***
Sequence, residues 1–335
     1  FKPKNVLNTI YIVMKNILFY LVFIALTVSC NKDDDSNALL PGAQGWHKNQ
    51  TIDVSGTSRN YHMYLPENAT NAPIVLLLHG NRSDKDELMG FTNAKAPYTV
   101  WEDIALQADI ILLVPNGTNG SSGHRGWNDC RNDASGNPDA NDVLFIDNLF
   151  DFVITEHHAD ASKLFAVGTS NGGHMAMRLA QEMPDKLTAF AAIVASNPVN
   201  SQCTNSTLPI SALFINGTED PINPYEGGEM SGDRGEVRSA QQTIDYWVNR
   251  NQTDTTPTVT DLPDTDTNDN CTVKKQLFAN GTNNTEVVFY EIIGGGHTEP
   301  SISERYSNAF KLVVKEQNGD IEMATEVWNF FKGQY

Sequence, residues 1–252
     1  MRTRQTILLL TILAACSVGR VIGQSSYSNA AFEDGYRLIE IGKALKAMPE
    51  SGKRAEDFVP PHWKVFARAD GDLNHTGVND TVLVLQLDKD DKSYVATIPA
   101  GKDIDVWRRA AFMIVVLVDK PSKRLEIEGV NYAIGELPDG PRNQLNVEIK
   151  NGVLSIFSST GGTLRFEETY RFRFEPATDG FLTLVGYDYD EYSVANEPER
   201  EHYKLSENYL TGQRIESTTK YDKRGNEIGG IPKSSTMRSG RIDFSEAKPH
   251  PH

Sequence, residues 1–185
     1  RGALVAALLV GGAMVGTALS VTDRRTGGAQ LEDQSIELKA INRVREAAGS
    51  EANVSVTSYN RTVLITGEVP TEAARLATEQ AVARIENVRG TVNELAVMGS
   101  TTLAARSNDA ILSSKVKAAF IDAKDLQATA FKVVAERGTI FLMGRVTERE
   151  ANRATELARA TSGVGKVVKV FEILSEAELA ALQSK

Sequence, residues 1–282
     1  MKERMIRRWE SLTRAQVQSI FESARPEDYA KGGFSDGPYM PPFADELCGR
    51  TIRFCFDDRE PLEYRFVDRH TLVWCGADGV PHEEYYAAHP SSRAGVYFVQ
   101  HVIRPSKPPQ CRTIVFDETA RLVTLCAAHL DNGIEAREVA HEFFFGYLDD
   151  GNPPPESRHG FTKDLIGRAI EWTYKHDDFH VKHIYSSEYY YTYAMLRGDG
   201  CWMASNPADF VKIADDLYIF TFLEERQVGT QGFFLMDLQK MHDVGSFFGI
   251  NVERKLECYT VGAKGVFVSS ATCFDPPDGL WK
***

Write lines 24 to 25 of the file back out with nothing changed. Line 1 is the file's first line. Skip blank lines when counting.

   101  HVIRPSKPPQ CRTIVFDETA RLVTLCAAHL DNGIEAREVA HEFFFGYLDD
   151  GNPPPESRHG FTKDLIGRAI EWTYKHDDFH VKHIYSSEYY YTYAMLRGDG